Taiwan President Stops in U.S. as Relations Warm, Angering China

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In China, however, Ms. Tsai elicits hateful commentary on a level that perhaps only the Dalai Lama can match. Shortly after she visited a Los Angeles location of the Taiwanese coffee chain 85C, the Chinese internet erupted with anger, calling for a boycott of the chain’s several hundred locations in China, its largest market.

That day, 85C’s parent company, Gourmet Master, whose stock trades on Taiwan’s exchange, lost $120 million in share value. The company promptly apologized and expressed support for peaceful unification.

Many Taiwanese were upset by the company caving in to Chinese pressure, with some also calling for a boycott of the chain. Polls consistently show that the overwhelming majority of people in Taiwan, a multiparty democracy, oppose being absorbed into China’s one-party, authoritarian rule.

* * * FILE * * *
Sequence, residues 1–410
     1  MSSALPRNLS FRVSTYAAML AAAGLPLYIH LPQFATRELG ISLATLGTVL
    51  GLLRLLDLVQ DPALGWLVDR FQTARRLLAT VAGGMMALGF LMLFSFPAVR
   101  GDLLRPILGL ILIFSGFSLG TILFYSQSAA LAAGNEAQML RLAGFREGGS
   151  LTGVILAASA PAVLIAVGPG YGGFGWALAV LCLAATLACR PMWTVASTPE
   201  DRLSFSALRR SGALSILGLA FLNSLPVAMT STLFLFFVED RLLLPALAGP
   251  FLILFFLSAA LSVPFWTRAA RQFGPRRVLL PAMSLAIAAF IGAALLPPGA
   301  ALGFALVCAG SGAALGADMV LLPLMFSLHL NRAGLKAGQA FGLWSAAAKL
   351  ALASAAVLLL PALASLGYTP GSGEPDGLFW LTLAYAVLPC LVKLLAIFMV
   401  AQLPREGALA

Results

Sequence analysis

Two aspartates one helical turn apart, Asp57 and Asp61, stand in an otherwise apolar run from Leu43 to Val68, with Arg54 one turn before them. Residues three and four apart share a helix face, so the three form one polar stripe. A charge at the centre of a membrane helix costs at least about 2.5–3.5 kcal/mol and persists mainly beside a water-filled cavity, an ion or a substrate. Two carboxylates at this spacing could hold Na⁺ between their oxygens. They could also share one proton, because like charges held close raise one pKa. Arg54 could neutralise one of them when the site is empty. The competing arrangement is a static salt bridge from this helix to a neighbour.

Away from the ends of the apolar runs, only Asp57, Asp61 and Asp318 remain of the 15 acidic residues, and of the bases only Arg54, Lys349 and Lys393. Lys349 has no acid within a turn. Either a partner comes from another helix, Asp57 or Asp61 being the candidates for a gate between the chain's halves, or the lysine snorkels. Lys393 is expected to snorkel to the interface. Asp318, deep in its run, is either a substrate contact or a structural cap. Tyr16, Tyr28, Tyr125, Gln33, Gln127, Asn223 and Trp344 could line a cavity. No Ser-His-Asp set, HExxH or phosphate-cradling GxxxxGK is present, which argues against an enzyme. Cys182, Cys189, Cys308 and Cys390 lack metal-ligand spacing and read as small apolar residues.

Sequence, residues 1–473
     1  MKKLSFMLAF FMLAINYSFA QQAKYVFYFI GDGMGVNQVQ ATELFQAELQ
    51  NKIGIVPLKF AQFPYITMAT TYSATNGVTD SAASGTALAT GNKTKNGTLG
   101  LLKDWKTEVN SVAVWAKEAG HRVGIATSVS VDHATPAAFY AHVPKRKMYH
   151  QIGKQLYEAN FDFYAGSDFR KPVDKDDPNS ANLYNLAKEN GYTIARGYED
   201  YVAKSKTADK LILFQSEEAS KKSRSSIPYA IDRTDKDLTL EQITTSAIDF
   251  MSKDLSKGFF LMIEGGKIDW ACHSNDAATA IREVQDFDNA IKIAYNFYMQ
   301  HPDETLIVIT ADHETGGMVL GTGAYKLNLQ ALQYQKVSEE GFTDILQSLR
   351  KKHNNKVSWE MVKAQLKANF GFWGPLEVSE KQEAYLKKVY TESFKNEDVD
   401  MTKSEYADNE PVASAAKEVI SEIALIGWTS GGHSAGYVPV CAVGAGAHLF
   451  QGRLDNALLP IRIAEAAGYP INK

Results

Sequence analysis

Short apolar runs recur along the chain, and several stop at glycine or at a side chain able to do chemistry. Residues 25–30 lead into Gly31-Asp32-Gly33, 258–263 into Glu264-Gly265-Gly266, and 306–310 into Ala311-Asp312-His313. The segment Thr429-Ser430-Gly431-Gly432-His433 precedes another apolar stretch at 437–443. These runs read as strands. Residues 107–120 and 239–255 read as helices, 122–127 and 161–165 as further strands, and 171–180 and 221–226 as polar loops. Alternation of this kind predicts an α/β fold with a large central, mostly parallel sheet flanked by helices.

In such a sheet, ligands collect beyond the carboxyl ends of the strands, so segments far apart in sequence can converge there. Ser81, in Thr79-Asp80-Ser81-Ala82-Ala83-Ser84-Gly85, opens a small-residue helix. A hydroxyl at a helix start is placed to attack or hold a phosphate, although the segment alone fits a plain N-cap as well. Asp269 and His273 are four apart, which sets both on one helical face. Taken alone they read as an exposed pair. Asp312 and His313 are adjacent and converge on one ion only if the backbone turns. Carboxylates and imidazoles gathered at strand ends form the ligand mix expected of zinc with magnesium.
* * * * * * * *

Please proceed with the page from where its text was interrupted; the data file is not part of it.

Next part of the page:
The episode is the latest example of the Chinese government using its grip on the country’s enormous market to pressure corporations into serving its political agenda. In recent months, companies including international airlines, hotels and other brands have begun referring to Taiwan as a province of China in response to threats from Beijing. The White House called China’s tactics “Orwellian nonsense,” but did little else to back up American corporations.

If China fines United States companies or restricts their access to Chinese markets for refusing to call Taiwan a province, then the Trump administration should retaliate in kind against Chinese companies, said William Stanton, a former director of the American Institute in Taiwan, the unofficial United States diplomatic presence there.

“China’s trying to make both Taiwan and the government of Tsai Ing-wen persona non grata throughout the world,” he said. “There’s just no end to it.”

Bonnie Glaser, senior Asia adviser at the Center for Strategic and International Studies, said the Trump administration’s approval for Ms. Tsai’s visits to the Reagan library and the Johnson Space Center in Houston showed that “they trusted she would not say or do anything that would increase cross-strait tensions.”



Source : Nytimes